Does the bike move with joggling? Do you often change the chain?

Maybe you will solve your problems with this product.

The transmission mechanism of a motorcycle is quite simple, made in most of the cases by two toothed wheels, one connected to the crankshaft (front sprocket) and one connected to the rear rim (rear sprocket), and by a chain, whose task is to transmit the rotary motion of the driving wheel, the front sprocket, to the driven wheel, which is the rear sprocket.

The front sprocket is never in axis with the swingarm pivot, except for some prototype motorcycles, so the overall length of the chain should change during the wheel travel, becoming maximum when the front sprocket, axle of the swingarm and rear sprocket are aligned.

This type of mechanism let the chain stretch at the moment of maximum extension, but it is not tense during the rest of the vertical movement of the wheel. Longer is the swingarm, less is the effetc at the same run of the rear suspension.

The fact that the chain is not always tense in the same way, generates some problems in term of regularity during the march. If the chain is not tense when we accelerate, the engine increases the number of revolutions and consequently the inertial effect relative to its rotating parts.

At first, due to the recover of the chain’s game, we feel a push on the wheel proportional to the increase in the number of revolutions of the engine, then, once the chain is completely taut, the whole engine torque is roughly transmitted to the rear wheel, giving us that whiplash effect that affects the driving pleasure.

Therefore, games too high on the chain give origin to little fluidity and a guide that is usually defined as “torn”.

On the other hand, excessive chain tension leads to a very high effort on the chain itself and on all the rear wheel and gearbox bearings. An exaggerated tension of the chain would bring it to stretch in a short time, requiring maintenance: moving the rear wheel of the bike, thanks to the registers that are present in every motorcycle, would consequently make the wheelbase longer than before.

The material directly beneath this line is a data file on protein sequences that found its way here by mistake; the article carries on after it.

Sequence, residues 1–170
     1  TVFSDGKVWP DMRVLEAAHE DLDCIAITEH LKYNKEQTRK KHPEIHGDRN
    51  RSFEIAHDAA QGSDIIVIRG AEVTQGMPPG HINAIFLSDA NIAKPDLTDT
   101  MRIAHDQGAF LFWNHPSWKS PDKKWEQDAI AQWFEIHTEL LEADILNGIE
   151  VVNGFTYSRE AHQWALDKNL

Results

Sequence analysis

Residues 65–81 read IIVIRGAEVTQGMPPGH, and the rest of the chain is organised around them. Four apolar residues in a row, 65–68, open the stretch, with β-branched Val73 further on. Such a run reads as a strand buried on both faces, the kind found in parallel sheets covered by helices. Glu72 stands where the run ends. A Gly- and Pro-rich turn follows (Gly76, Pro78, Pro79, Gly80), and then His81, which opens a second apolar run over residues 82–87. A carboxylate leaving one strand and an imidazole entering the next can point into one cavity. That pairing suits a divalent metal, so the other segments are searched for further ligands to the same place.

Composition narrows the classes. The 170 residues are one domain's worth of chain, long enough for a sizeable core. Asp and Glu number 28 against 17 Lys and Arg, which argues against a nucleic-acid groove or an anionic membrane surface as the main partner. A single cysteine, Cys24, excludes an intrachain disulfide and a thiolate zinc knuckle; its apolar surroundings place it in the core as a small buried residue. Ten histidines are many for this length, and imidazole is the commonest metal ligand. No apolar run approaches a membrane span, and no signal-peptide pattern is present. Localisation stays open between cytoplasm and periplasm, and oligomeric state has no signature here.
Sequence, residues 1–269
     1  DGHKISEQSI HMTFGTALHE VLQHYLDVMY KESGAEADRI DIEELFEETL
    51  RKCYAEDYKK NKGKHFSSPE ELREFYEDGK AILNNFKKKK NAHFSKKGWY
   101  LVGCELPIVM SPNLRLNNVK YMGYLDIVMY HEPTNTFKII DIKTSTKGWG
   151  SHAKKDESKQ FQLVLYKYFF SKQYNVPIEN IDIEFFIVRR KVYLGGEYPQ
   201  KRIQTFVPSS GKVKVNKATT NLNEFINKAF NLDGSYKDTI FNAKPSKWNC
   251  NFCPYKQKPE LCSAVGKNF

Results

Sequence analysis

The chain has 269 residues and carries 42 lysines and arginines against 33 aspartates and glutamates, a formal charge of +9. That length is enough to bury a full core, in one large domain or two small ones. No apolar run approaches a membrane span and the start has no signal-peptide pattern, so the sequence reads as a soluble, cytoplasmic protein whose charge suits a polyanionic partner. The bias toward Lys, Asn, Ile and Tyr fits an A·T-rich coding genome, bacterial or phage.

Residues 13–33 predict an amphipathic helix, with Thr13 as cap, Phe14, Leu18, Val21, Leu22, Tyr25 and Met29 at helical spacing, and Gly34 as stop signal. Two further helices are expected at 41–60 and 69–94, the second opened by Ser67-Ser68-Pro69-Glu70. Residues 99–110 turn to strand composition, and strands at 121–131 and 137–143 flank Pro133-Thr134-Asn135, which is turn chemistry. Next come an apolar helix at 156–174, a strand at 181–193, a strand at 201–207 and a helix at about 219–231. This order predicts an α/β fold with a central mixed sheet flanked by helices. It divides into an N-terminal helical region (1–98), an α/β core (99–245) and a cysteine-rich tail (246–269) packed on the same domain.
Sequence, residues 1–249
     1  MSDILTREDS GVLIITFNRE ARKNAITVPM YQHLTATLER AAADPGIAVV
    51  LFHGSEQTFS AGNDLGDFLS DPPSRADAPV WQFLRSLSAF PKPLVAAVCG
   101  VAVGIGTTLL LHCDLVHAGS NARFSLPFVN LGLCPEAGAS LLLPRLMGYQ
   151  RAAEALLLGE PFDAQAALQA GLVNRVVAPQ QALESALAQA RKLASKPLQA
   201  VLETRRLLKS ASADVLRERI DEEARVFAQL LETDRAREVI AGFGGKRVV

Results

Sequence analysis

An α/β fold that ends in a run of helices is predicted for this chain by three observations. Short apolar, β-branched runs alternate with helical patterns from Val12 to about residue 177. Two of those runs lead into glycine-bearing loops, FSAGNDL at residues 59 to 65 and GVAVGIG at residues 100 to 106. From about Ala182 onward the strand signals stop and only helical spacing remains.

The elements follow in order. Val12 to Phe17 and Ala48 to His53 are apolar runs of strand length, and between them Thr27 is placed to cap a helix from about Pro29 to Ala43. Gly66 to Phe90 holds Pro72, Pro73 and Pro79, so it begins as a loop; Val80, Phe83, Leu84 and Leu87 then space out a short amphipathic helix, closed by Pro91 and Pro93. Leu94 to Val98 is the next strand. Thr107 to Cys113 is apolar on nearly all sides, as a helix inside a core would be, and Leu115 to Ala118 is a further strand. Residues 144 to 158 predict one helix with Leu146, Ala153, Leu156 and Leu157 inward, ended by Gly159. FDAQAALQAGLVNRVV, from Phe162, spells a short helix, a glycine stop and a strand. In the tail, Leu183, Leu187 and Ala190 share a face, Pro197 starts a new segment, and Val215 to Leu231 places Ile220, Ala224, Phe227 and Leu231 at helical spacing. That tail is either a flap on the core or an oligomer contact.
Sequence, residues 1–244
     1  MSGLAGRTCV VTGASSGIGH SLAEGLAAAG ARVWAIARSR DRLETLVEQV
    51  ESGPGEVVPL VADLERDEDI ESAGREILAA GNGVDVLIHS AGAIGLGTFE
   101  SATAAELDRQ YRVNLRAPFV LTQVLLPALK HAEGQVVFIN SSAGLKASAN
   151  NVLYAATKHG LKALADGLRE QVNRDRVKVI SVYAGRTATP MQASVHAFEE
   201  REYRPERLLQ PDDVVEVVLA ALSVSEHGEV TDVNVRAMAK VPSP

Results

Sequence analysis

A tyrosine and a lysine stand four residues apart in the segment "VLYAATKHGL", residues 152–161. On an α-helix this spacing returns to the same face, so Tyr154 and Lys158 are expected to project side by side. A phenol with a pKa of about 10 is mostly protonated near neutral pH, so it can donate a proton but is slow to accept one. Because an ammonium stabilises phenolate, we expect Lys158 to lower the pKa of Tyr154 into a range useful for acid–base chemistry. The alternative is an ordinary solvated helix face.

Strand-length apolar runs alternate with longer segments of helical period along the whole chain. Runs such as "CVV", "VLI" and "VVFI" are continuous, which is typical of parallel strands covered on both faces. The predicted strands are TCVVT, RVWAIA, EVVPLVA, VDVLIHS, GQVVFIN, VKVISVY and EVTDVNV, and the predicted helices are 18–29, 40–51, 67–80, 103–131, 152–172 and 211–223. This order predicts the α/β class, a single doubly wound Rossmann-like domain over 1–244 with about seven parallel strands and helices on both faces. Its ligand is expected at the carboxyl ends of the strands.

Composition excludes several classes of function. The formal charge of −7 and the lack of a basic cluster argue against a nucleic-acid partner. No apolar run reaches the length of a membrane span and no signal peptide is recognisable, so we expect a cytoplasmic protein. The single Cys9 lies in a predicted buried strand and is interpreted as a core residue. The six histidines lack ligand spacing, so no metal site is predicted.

This would make the bike less reactive and more difficult to ride, moreover, an excessive lengthening of the chain requires a replacement of the chain together with the rear sprocket and the front sprocket, which get damaged with the chain itself, requiring an expensive replacement in terms of time, work and materials.

To overcome all these problems and allow greater longevity to the chain, FreeSpirits offers you a dynamic chain tensioner, which aims to keep the chain always in light tension, so as to avoid sudden tears or irregularities during the ride, without overloading the wheel or gearbox bearings, or the chain itself.


This dynamic chain tensioner adapts itself to any condition of chain tension, thanks to a specially sized spring. It sets the goal of maintaining a constant tension, limiting its intervention when the chain is normally tensioned and intervening more decisively when the chain is too slack.

This chain tensioner is almost necessary for those who have mounted a riser system that raise the rear of the bike, because raising the rear, as explained above, change the moment of maximum tension. It is moved to a different moment of the travel of the rear suspension compared to the position of the original design, thus changing the tension of the chain during use.


This chain tensioner does not require maintenance, in fact, the lubricant of the chain is already sufficient to lubricate the sprocket wheel of the chain tensioner. You just have to mount it and enjoy immediately the result.

The kit is easy to install, it is complete of instructions and every change you make is reversible at any time, as FreeSpirits’s tradition.

The chain tensioner is compatible with the models:

  • Triumph Street Twin
  • Triumph Street Cup
  • Triumph Street Scrambler
  • Triumph Bonneville T100 since 2016
  • Triumph Bonneville T120


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